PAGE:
Isidore of Alexandria

Isidore of Alexandria

Isidore of Alexandria was a Greek philosopher and one of the last of the Neoplatonists. He lived in Athens and Alexandria toward the end of the 5th century AD. He became head of the school in Athens in succession to Marinus, who followed Proclus.

His views alienated the chief members of the school and he was compelled to resign his position to Hegias. He is known principally as the teacher of Damascius, whose testimony in his "Life of Isidorus" presents Isidorus in a very favourable light as a man and a thinker.

It is generally admitted, however, that he was rather an enthusiast than a thinker; reasoning with him was subsidiary to inspiration, and he preferred the theories of Pythagoras and Plato to the unimaginative logic and the practical ethics of the Stoics and Aristotelians. He seems to have given loose rein to theosophical speculation and attached great importance to dreams and waking visions, on which he used to expatiate in his public discourses.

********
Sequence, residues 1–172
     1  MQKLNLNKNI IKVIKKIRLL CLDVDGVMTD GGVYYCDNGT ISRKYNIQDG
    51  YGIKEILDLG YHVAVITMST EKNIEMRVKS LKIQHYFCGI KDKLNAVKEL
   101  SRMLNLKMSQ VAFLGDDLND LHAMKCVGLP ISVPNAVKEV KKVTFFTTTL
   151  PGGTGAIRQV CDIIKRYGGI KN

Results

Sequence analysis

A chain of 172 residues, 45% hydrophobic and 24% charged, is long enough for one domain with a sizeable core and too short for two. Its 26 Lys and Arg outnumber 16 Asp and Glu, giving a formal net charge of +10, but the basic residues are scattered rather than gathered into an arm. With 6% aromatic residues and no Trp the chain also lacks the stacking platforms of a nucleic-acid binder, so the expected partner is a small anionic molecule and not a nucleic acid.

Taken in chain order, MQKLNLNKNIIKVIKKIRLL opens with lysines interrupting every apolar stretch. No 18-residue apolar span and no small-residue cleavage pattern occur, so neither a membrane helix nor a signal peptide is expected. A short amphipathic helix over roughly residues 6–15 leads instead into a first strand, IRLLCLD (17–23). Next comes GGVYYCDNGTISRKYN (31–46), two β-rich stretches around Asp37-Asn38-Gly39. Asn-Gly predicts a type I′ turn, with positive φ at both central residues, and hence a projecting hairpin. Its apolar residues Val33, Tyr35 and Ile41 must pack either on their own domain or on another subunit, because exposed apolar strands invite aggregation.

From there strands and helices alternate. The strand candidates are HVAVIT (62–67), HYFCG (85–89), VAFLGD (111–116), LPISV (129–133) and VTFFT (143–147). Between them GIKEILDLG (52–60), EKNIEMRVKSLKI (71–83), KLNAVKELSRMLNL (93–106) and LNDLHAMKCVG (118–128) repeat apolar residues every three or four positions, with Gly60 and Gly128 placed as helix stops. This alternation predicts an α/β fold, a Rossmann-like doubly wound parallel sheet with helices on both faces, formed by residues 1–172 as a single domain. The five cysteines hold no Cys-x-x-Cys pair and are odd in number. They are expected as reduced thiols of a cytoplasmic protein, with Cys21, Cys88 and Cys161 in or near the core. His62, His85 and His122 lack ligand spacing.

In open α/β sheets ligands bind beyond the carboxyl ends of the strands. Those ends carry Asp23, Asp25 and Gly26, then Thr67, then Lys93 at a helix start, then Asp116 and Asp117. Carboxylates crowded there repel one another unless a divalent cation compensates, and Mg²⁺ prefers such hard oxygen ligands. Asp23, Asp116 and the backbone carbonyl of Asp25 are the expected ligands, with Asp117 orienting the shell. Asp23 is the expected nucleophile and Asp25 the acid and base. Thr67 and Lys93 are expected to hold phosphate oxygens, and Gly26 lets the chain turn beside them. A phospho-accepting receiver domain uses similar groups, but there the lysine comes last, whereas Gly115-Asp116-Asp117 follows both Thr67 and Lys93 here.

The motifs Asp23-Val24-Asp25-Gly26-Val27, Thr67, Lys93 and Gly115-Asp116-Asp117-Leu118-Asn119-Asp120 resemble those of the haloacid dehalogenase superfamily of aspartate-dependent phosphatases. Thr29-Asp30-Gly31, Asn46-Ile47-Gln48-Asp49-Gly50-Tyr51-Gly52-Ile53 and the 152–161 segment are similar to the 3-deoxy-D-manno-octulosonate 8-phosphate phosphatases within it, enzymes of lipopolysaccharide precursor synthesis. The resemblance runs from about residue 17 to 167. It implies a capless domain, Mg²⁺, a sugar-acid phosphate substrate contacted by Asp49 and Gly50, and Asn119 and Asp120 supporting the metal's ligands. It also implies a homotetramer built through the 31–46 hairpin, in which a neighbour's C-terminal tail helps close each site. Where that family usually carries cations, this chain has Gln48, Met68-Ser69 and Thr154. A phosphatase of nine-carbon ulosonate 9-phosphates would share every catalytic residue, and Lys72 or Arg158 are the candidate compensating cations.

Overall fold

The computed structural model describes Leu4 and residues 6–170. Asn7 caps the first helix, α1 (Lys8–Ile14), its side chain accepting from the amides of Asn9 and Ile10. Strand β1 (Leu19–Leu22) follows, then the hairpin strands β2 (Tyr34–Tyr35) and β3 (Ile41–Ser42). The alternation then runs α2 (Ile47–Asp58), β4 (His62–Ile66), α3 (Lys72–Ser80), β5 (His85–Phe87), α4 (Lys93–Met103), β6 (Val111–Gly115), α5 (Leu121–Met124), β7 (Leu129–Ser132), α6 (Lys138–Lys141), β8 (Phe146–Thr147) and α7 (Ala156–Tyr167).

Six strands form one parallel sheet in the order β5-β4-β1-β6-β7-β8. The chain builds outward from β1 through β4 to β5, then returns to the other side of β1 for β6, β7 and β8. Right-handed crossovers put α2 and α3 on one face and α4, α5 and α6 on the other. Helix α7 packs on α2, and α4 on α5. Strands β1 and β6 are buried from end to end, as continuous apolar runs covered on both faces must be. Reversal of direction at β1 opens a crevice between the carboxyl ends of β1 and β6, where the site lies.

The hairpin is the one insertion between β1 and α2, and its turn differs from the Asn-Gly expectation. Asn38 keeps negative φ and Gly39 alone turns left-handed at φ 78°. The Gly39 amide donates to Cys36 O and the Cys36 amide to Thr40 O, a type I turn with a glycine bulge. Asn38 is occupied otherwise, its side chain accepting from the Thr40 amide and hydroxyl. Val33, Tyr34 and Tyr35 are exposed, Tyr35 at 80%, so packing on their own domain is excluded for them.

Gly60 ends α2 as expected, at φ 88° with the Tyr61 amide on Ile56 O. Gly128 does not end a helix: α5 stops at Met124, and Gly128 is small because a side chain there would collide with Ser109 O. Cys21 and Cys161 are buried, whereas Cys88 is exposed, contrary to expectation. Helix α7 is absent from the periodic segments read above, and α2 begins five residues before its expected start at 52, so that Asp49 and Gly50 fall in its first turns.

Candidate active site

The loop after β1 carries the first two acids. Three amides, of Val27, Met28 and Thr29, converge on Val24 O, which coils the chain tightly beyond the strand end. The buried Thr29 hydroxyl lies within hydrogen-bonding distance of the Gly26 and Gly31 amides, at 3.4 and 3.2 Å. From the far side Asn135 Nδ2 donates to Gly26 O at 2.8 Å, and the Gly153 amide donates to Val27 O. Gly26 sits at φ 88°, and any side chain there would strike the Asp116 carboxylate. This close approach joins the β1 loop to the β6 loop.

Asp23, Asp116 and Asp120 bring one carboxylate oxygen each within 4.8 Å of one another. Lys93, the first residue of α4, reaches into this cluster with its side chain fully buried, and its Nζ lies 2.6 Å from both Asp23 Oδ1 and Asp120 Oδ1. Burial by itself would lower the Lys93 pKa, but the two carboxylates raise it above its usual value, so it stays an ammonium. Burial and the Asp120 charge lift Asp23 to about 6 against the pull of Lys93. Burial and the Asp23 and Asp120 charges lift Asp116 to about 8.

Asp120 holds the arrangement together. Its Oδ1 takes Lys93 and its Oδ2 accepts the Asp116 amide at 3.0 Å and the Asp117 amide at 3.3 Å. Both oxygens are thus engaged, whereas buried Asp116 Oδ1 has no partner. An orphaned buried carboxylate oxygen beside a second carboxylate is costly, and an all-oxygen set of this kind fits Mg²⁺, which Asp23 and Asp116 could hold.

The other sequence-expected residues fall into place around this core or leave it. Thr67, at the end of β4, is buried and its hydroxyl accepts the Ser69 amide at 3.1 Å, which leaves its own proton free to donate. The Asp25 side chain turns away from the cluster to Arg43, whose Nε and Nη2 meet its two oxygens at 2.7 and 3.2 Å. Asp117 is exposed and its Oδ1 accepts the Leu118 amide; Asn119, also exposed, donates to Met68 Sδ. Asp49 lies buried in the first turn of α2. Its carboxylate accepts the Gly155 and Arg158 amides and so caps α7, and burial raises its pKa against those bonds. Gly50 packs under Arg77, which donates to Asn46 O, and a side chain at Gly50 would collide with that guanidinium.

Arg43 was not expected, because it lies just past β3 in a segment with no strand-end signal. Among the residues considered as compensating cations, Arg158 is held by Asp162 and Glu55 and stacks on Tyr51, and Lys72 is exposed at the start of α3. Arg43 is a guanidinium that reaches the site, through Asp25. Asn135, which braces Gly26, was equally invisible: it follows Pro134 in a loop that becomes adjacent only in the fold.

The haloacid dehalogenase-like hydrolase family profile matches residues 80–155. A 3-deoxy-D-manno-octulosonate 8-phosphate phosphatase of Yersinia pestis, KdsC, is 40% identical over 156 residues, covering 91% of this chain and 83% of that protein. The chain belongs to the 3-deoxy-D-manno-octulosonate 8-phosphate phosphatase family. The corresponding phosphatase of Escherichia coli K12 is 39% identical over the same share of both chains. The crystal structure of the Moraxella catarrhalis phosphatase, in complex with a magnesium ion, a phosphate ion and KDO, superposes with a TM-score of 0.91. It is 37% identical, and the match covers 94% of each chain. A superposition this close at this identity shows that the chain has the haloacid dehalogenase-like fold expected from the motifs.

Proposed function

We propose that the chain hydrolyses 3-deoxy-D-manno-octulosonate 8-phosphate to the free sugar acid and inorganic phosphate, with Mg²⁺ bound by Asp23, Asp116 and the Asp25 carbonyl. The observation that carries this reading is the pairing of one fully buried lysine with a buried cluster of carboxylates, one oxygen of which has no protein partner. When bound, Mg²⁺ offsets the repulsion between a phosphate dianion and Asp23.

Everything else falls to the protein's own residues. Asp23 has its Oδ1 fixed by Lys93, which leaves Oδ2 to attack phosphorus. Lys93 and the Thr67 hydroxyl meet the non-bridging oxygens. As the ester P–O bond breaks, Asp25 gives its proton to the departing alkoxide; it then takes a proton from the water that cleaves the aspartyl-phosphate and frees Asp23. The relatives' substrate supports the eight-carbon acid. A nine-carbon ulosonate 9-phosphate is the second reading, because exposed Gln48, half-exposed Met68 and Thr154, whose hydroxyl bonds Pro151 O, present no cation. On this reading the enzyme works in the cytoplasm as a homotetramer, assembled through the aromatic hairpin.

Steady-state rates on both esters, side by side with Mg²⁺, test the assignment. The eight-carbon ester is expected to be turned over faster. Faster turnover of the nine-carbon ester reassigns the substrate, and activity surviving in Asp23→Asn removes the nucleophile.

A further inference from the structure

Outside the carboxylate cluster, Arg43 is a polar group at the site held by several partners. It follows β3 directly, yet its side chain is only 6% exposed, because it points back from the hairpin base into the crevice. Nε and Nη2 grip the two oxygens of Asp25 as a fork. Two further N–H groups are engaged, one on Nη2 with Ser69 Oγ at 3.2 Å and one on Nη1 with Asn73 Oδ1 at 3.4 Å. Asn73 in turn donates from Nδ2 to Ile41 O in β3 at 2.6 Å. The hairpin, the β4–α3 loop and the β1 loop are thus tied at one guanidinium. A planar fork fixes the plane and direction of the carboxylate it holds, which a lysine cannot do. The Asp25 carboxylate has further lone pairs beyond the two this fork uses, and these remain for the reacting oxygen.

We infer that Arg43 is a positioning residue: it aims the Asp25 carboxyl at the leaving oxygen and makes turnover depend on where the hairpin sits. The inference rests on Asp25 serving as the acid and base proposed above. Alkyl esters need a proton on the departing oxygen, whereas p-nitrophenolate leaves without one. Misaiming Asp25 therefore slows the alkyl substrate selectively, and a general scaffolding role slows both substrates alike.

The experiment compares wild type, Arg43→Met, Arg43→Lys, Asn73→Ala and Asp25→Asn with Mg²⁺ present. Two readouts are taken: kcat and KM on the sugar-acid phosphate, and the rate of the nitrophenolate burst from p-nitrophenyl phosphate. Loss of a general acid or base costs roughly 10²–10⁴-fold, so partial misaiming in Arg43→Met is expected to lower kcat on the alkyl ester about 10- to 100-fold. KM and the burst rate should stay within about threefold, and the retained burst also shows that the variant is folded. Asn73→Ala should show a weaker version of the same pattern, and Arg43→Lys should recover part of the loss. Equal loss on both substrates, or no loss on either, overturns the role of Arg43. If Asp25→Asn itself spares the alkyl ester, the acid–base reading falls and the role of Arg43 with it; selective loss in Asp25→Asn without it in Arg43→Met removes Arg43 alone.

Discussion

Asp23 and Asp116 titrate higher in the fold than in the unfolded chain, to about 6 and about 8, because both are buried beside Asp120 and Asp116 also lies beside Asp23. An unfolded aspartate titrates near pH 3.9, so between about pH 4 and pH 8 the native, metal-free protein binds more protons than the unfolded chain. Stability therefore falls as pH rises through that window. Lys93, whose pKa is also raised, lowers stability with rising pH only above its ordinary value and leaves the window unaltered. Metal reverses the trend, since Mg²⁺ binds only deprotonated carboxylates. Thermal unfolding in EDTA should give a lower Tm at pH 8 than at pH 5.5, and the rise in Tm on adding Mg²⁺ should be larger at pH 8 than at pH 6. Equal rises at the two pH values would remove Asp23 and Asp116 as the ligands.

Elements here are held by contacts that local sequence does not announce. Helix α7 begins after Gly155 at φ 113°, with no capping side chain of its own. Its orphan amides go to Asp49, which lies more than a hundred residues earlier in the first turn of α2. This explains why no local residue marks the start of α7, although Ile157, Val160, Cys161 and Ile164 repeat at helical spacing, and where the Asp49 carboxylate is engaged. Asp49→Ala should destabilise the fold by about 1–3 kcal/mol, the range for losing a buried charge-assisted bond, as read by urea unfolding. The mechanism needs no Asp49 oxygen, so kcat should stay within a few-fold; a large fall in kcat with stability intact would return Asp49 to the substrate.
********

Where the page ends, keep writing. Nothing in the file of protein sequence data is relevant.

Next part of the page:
Damascius' "Life" is preserved by Photius in the "Bibliotheca", and the fragments are printed in the Didot edition of Diogenes Laërtius. See Agathias, "Hist." II 30; Photius, "Bibliotheca", 181; and histories of Neoplatonism.



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